Spain’s political system is largely democratic, as representatives in Congress and the Senate are indirectly elected by popular vote through lists of candidates that parties nominate. We trust these politicians with our interests, and therefore they are responsible for representing them.
What makes us prefer one candidate over another? The simplest answer would be that we choose those who we think will best defend our interests. But if you start to look a little deeper, you’ll realize that it’s not actually that simple.
Social and political psychology have broadly investigated the factors that influence our vote. These studies reveal some interesting facts: it seems that voting stability and identification with a particular party are the main determining factors in an individual’s political vote. Ideology barely counts if you compare how much influence it has with these other two factors.
One of the most significant aspects of voting behavior is stability over time. When a person votes for a political party, they tend to vote for that same party in future elections. This pattern tends to remain stable regardless of the party’s political tendencies, candidate, or type of election (national or local).
While most people are consistent with their vote, some aren’t. What factors influence how stable one person’s vote will be? Studies show that people who lean to the right are less likely to change their vote.
Continuing with the division of right-wing and left-wing, it’s easier for people to change their vote to parties that are closer to them on the spectrum to the last one they voted for. People who voted for a right-wing party last time are more likely to do so next time. And same with the left.
These results show that the process of political socialization is actually what lies behind voter stability. It is a process by which parties gain loyal members despite changes in the party.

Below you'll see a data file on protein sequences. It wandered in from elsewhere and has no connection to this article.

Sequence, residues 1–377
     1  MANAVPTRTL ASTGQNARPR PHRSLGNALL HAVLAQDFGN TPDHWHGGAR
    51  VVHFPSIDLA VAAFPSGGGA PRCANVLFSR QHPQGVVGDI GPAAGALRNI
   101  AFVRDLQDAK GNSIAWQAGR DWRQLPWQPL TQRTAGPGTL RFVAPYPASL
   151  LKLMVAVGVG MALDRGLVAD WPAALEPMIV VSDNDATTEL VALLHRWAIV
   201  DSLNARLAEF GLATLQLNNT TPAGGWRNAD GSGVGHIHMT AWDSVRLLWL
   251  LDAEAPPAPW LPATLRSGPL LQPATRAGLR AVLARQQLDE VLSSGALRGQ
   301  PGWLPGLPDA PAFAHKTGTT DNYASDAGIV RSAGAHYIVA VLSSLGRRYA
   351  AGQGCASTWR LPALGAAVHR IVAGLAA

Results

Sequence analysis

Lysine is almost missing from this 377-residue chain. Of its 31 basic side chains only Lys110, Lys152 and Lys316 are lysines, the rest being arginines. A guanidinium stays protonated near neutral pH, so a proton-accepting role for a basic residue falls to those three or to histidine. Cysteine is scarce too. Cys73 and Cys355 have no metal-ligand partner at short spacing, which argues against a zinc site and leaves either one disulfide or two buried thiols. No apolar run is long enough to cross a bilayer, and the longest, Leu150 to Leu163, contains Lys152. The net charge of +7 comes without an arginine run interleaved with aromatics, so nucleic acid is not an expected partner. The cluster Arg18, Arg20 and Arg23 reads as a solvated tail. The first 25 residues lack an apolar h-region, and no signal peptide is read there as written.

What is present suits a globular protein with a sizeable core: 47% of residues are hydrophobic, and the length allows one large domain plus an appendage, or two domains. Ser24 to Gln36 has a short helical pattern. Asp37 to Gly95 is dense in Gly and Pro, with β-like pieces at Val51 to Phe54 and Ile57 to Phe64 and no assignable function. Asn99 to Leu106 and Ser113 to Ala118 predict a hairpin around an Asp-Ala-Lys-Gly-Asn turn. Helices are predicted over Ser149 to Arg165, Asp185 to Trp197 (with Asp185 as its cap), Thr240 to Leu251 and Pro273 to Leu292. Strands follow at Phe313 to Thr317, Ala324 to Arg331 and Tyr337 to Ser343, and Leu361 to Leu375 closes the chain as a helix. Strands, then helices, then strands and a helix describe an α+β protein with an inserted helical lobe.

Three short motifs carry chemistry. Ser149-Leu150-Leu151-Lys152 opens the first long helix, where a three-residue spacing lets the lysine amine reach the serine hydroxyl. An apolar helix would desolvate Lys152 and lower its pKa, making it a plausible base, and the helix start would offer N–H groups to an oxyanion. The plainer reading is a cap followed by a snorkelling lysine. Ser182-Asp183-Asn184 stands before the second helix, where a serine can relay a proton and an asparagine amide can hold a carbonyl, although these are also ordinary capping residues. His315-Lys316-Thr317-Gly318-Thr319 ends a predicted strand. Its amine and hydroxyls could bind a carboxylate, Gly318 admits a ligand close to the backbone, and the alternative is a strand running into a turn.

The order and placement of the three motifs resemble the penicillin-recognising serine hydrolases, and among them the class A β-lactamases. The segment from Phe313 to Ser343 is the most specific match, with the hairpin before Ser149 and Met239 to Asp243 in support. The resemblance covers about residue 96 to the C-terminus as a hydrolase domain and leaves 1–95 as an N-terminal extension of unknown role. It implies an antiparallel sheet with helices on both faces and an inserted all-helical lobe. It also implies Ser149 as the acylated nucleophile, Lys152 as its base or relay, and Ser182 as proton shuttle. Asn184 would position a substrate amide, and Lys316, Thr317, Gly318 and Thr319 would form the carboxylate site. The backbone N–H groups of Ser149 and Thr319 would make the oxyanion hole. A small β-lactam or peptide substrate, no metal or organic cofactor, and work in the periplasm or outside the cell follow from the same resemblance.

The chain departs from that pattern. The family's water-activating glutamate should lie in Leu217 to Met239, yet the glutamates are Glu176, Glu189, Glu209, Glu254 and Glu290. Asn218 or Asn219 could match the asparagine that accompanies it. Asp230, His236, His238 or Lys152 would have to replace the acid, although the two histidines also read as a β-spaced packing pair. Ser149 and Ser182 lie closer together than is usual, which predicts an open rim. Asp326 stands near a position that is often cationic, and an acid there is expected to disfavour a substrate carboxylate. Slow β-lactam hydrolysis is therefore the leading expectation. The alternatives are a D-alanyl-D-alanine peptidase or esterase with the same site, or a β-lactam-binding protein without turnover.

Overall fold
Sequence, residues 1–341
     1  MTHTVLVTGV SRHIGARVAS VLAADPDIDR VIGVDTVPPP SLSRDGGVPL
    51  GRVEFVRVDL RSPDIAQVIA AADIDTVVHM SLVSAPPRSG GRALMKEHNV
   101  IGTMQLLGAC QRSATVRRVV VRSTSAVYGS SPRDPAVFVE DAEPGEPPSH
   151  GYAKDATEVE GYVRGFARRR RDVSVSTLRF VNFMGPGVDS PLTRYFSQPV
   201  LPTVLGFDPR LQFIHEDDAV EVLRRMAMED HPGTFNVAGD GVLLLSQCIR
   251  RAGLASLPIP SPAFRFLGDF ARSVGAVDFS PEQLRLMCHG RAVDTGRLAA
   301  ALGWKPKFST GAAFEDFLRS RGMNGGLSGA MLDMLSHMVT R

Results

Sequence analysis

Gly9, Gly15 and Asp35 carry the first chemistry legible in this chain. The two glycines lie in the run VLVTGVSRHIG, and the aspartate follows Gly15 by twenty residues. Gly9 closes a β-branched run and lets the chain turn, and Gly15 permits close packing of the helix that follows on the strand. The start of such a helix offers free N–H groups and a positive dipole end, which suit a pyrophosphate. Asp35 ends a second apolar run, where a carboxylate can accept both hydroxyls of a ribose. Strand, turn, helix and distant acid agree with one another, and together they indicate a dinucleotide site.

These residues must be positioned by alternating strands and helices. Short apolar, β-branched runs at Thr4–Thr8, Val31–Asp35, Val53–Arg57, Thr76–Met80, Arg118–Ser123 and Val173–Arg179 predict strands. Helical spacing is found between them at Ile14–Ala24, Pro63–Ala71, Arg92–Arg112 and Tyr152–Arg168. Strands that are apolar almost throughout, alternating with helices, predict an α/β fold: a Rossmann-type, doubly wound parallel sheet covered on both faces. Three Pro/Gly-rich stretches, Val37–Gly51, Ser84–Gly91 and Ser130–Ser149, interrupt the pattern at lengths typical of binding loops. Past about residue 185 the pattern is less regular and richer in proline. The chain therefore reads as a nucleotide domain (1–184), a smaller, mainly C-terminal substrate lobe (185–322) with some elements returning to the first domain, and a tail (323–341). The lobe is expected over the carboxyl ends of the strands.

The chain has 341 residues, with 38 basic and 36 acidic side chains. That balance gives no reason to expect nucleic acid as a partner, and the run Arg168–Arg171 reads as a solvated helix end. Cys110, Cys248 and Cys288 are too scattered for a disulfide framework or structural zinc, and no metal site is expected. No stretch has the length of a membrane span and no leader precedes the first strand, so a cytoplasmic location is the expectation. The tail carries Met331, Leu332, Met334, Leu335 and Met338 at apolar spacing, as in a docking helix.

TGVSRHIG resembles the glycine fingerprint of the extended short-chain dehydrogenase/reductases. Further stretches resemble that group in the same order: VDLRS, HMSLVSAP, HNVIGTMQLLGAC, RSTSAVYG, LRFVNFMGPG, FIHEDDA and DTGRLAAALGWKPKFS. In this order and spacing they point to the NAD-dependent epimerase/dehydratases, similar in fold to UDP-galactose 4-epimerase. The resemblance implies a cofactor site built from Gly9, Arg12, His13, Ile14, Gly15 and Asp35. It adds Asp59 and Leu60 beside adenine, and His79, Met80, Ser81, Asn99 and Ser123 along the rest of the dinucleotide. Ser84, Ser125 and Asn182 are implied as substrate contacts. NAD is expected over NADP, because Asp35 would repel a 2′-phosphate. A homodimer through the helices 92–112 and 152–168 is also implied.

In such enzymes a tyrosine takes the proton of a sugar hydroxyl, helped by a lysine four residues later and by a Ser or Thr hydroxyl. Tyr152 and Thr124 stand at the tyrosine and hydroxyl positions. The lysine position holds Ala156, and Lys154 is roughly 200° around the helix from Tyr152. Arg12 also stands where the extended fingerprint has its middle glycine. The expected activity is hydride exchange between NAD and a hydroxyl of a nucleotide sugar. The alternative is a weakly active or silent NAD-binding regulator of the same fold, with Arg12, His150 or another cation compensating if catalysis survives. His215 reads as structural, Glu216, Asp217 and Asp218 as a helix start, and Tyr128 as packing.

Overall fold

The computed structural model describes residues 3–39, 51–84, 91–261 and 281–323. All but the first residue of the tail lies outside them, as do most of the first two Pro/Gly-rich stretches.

The party’s traditional political ideology matters more than the specific platform they present in specific elections. This process of political socialization leads to an important concept known as party identification.
Party identification is defined as a psychological link between an individual and a political party that involves a sense of group identity. Through different methods, such as symbols, chants, and group events, parties are able to create such a strong sense of unity among their voters that it outweighs ideological differences within the group.
But how important is party identification compared to an individual’s own ideology in determining their vote? In 2009, a study was conducted in Spain to determine how much individuals shared their political party’s ideology.
The results were quite surprising:
- Voters of PSOE (Spanish Socialist Workers’ Party) and PP (People’s Party) shared less than 50% of their party’s ideology.
- Voters of IU (United Left) shared 61%.
This shows that most voters of a particular party don’t even share many of the interests and ideologies promoted by the party. How is it possible to identify with a party in conditions like these?
The answer lies in the strong propaganda mechanisms parties use to make people empathize with others. They make voters feel a sense of belonging to the group. Ultimately, these mechanisms guarantee their vote in future elections.
It’s our civic duty to vote
These results are surprising, considering voters’ ideologies don’t always make it to the House, Senate, or even the presidency. The studies point to a political landscape where parties capture individuals and create a sense of group identity. And it actually more closely resembles a sports team than a political affiliation. This translates into a Congress that doesn’t actually represent its constituents. Therefore it does not enact policies that are in their best interest.
Political education is without a doubt one of the best tools we can use to change this situation. We should all learn how to understand politics and laws and how they affect us. Then we’d have a critical eye when we vote. We’d be encouraged to demand answers when elected officials fail to fulfill their campaign promises.
While political measures rarely lead to immediate change, they’re still important since they set a country in a certain direction. It’s taken us centuries and a lot of blood to achieve democracy and universal suffrage. In order for them to function properly, every citizen must be actively and intelligently involved. You, me, and everyone who has the right to vote.